Tuesday, 14 May 2013

Colonial Literacy, sentence complexity, and present day reading ability


Sanjoy Mahajan at freakonomics.com has an interesting piece on Colonial literacy, looking at the success of Tom Paine's 1776 "Common Sense" which in one year was read, or at the very least bought, by 20% of the American colonial population. Translated into today's US population, that is the equivalent of of a book selling 60 million copies. Few books attain that level. It took 8 years for The Davinci Code (a book not about common sense) to reach that level.

Although the words are short, the language and reasoning of Common Sense is rich and complex. Here is a very small example:

Society in every state is a blessing, but government even in its best state is but a necessary evil; in its worst state an intolerable one; for when we suffer, or are exposed to the same miseries By a Government, which we might expect in a country Without Government, our calamity is heightened by reflecting that we furnish the means by which we suffer.

You may be a different case, but I did a double-take or two, to make sure I was carrying the sense well enough to go on the the concluding punch line. Such complexity is at the heart of reading for meaning. The current National Assessment of Adult Literacy classifies the above text as being at the highest level, Proficient Reading, only attained nowadays by 13% of the American population. 

So, despite the apparent rise in intelligence suggested by the Flynn Effect, proficient reading has fallen from an implied 20% to a measured 13%, using comparable measures of complexity.

Mind you, 1776 was something of a special year for Americans, one which encouraged serious reading. They may have made a particular effort to understand the text. Either that or they read proficiently, inwardly digested, and came to their own proficient conclusions. Paine's view was clear: "To have had a part in two revolutions is to have lived to some purpose."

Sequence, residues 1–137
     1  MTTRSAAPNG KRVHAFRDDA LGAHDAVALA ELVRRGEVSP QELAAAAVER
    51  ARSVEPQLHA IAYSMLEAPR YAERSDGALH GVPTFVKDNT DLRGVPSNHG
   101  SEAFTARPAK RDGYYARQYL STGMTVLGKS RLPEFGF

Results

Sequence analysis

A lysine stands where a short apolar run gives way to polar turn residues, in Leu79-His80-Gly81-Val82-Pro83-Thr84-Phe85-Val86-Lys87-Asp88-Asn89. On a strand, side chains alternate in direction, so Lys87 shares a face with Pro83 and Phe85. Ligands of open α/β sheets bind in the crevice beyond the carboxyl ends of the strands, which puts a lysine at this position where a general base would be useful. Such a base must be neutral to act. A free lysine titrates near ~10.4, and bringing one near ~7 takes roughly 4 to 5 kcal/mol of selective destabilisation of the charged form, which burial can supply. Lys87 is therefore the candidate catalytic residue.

Regard him as one of the early bloggers.


  1. Perhaps this textual analysis can be used to provide a rigorous estimate of pre-1880 IQs (as opposed to Hart's ballpark estimates).

  2. Jan te Nijenhuis15 May 2013 at 07:58

    Dear Dr. Thompson,
    this is indeed a fascinating finding. As the previous poster already mentioned, Woodley, te Nijenhuis, & Murphy showed that the genetic intelligence of the Victorians is estimated to be 14 IQ points higher, so this finding of the excellent sales of a difficult to read book in the 18th century fits in with that.
    I guess there are linguists out there with computer programs that can give you a rating of the cognitive complexity of books. Would the complexity be higher in the Victorian time than it is now?

  3. If I may answer both of these very interesting questions at the same time (as opposed to simultaneously) I think that you jointly raise a very important point: we do not yet have a universal measure of item difficulty. Textual analysis, computer programs designed to measure the cognitive complexity of books, analysis of the differences in difficulty of maths problems and so on are the way forwards in understanding the contribution of intelligence to success in different walks of life. We have to answer the fundamental question: What makes problems difficult? I will try to post about this, but one suggestion is that we use Kolmogorov complexity to specify the difficulty level of each problem (by measuring the length of the shortest possible description in some universal language). This might well be the basis for a new field in intelligence research, if we could find the right team to do the job.